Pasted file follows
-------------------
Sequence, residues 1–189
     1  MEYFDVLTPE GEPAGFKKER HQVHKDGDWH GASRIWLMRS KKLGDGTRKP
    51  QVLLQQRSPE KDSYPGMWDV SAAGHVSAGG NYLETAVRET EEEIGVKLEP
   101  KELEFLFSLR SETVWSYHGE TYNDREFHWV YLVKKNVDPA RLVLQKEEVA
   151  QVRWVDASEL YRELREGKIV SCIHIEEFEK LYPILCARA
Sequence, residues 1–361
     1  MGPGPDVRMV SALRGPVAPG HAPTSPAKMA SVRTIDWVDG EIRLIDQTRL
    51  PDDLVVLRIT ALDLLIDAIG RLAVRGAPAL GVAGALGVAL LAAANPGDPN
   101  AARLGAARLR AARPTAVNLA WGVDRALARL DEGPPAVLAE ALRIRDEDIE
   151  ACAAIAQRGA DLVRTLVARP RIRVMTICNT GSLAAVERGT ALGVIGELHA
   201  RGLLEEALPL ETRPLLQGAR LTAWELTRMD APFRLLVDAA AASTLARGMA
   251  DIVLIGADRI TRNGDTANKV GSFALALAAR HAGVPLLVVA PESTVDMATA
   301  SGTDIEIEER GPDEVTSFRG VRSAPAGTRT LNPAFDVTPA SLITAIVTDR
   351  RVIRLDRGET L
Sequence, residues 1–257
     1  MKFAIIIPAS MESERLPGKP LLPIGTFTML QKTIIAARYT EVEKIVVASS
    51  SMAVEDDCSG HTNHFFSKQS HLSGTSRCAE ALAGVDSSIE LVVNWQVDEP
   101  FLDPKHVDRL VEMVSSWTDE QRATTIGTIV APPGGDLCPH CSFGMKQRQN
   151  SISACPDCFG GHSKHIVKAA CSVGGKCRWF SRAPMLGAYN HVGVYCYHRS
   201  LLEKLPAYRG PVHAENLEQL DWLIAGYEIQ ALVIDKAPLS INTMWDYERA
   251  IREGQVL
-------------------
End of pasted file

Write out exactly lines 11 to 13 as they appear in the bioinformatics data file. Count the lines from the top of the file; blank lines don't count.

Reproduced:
   201  RGLLEEALPL ETRPLLQGAR LTAWELTRMD APFRLLVDAA AASTLARGMA
   251  DIVLIGADRI TRNGDTANKV GSFALALAAR HAGVPLLVVA PESTVDMATA
   301  SGTDIEIEER GPDEVTSFRG VRSAPAGTRT LNPAFDVTPA SLITAIVTDR